Being an RPG, Hogwarts Legacy has its fair share of combat, and your character isn’t afraid to unleash hell on their opponents. No, you won’t be able to cast Avada Kedavra willy-nilly from the get-go – although it is available later on – but your regular spells can be used to do great damage. Upgrade it, and Expelliarmus becomes a curse. And the powerful explosion caused by an upgraded Incendio attack is enough to make you shudder. We’ve found Hogwarts Legacy‘s combat to be fun, although it can get a little messy, particularly on higher difficulty levels when you’re facing multiple enemies. Play on easy and you’ll be given prompts as to when you need to dodge and parry enemy attacks. On medium and higher, however, you’ll need to judge for yourself. And when you’re surrounded, it’s all too easy to take damage.

With a wide range of skills in your arsenal, though, combat can be exhilarating. Spells can be chained together to absolutely obliterate your enemies, and as you deal damage an ancient magic bar will be charged, eventually allowing you to perform a powerful attack that may as well be dark magic.

You’ll probably be glad to hear there’s plenty of loot to be collected in Hogwarts Legacy, too. You’ll find new pieces of clothing just about everywhere you go, each one with its own rarity level and stats. We’re sad to say that wizard fashion in the 1800s wasn’t exactly great, and so your character might not always look the part. Thankfully, you can customise their appearance regardless of what’s equipped, so that’s something.

Even if you’re not a huge Harry Potter fan but love open world fantasy adventures, we feel like there’s enough here to keep you engaged. The world it’s set in is fantastic: we’ve already talked about Hogwarts, but the areas surrounding it – Hogsmeade and the smaller hamlets – are packed with character. The story is suitably engaging, the skills you acquire make combat fluid and fun, and getting around the world is a cinch, too. Fast travel points are ten-a-penny, and you won’t have to wait long until you have access to a broomstick and a flying steed to make traversal even easier. But it is the Potter fans who are going to get the most out of this, of course.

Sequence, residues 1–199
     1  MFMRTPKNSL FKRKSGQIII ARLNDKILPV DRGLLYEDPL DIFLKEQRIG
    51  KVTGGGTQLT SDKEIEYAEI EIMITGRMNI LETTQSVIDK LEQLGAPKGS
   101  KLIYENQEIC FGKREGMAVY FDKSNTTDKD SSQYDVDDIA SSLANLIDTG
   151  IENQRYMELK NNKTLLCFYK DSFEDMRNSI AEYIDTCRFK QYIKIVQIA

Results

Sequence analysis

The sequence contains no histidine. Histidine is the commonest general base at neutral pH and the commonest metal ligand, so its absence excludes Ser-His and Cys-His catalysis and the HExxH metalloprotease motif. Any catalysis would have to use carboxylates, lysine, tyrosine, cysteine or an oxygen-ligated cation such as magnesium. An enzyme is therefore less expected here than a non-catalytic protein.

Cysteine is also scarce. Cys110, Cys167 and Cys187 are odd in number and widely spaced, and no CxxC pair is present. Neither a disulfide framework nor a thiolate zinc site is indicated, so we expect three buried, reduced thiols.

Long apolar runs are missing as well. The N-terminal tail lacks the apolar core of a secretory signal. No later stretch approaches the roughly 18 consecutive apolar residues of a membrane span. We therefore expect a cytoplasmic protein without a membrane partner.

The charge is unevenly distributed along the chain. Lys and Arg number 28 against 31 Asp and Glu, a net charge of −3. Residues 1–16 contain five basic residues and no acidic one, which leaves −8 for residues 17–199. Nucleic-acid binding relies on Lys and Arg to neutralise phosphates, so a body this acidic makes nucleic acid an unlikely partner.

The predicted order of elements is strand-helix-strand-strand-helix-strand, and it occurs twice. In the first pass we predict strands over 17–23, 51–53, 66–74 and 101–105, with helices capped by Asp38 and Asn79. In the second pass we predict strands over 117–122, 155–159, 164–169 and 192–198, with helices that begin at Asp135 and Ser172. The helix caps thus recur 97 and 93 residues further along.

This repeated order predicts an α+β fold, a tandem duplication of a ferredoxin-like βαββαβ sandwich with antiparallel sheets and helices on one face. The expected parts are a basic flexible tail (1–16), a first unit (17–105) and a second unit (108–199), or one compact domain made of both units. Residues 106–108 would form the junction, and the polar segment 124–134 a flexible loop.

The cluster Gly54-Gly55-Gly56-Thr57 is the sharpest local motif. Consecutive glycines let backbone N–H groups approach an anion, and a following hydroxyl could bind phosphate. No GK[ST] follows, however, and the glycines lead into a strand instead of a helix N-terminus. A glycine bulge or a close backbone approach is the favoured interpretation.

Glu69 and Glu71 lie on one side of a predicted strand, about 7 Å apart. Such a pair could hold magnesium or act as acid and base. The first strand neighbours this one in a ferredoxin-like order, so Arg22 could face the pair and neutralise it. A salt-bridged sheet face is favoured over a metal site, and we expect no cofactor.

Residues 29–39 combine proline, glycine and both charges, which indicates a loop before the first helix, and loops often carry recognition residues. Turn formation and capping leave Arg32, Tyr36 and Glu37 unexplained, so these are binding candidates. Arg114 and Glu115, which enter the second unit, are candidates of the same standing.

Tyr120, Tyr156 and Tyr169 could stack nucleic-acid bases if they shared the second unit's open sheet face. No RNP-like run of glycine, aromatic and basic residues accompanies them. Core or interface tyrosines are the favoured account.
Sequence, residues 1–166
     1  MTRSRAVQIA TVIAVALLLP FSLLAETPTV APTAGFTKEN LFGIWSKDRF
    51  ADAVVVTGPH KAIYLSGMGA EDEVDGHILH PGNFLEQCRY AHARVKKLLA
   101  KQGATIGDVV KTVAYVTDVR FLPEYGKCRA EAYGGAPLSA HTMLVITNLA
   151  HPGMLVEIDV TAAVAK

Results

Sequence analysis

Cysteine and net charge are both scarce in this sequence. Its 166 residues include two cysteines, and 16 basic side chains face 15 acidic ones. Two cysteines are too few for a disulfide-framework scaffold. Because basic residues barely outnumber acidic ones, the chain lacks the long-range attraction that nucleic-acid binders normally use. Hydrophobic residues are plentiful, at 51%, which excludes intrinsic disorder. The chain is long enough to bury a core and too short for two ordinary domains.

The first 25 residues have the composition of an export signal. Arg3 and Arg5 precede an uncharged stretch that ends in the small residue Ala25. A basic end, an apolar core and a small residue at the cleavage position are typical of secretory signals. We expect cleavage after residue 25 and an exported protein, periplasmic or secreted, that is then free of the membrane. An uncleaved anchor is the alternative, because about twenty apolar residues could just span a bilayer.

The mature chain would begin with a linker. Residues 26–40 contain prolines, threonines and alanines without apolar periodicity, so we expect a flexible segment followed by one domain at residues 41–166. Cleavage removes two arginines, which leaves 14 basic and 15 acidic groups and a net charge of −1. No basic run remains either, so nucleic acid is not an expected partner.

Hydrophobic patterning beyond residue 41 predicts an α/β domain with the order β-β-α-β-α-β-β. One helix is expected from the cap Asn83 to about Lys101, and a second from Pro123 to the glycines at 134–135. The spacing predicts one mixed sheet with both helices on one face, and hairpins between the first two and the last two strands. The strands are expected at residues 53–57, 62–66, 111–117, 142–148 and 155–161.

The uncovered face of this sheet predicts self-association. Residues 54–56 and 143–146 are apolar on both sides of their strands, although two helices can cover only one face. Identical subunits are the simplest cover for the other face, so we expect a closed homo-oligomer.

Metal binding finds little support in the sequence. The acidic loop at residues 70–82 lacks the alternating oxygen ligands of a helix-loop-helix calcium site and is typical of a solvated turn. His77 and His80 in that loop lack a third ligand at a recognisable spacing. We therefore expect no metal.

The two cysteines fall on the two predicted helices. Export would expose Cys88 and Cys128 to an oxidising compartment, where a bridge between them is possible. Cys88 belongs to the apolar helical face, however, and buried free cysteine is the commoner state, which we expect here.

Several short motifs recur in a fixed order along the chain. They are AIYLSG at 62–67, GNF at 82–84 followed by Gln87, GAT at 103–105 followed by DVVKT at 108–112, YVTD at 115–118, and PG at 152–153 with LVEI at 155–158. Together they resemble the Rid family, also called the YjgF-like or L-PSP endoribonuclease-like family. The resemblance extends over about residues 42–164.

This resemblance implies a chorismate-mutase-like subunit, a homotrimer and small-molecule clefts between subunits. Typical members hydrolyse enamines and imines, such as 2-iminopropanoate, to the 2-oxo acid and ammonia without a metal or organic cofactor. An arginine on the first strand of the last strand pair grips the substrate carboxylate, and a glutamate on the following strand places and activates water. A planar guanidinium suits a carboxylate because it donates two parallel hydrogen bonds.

You’ll likely grin when you see a familiar name – yes, there’s at least a couple of Weasleys for you to meet – and when the opening scene plays with its oh-so familiar music, you may well get a few goosebumps running down your back. There are a few key story moments that have been lifted out of the original source material, too: a wand-choosing scene in Ollivanders feels very familiar, for example, as does rescuing an imprisoned hippogriff – that’s a bird-cross-horse type creature – from a tower. They’re a little cliché, sure. But we couldn’t help but smile getting to relive them for ourselves.

Hogwarts Legacy

It’s not all perfect, though. Our character’s incessant chatter has made us groan more than once. Their voice is irritating enough by itself (though there are multiple to choose from in the character creation tool), but the sheer number of repeated one-liners you’ll hear will soon wear you down. Worse still is their need to “help” solve puzzles by blurting out clues when you’re already half-way through solving something. And, unlike some other games that may have committed this crime, there’s no option to minimise such chatter in the menu. You’ve just got to live with it.

Avalanche Software and Portkey Games have done an impressive job of creating something original within a much-loved franchise. Hogwarts Legacy is the closest any of us are ever going to get to actually attending Hogwarts, and what a magical experience it is. It’s clear that it’s been created with love, and the attention to detail here is phenomenal. It’s not without its issues, of course, but there’s few that get in the way of the overall experience. It looks gorgeous, it’s a joy to play, and being a wizard is just about as fun as we’d always hoped it would be.


Hogwarts Legacy Review – GameSpew’s Score

This review of Hogwarts Legacy is based on the PS5 version of the game, via a code provided by the publisher. It’s available on PS5, Xbox Series X/S and PC, with PS4, Xbox One and Switch versions expected later in the year.